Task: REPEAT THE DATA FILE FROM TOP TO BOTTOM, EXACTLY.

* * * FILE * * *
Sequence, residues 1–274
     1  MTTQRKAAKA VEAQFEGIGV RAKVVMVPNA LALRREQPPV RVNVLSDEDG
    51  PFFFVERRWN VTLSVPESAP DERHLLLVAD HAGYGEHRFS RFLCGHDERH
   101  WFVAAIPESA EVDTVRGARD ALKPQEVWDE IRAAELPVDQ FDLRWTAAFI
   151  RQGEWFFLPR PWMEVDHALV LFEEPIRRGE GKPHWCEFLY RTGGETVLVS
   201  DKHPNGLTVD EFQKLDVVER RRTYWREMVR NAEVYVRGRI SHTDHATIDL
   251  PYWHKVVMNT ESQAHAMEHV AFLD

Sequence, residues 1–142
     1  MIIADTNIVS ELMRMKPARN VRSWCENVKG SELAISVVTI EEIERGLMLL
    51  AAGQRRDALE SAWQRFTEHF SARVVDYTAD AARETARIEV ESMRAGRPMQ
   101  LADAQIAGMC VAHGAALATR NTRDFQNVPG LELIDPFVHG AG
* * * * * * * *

Sequence, residues 1–274
     1  MTTQRKAAKA VEAQFEGIGV RAKVVMVPNA LALRREQPPV RVNVLSDEDG
    51  PFFFVERRWN VTLSVPESAP DERHLLLVAD HAGYGEHRFS RFLCGHDERH
   101  WFVAAIPESA EVDTVRGARD ALKPQEVWDE IRAAELPVDQ FDLRWTAAFI
   151  RQGEWFFLPR PWMEVDHALV LFEEPIRRGE GKPHWCEFLY RTGGETVLVS
   201  DKHPNGLTVD EFQKLDVVER RRTYWREMVR NAEVYVRGRI SHTDHATIDL
   251  PYWHKVVMNT ESQAHAMEHV AFLD

Sequence, residues 1–142
     1  MIIADTNIVS ELMRMKPARN VRSWCENVKG SELAISVVTI EEIERGLMLL
    51  AAGQRRDALE SAWQRFTEHF SARVVDYTAD AARETARIEV ESMRAGRPMQ
   101  LADAQIAGMC VAHGAALATR NTRDFQNVPG LELIDPFVHG AG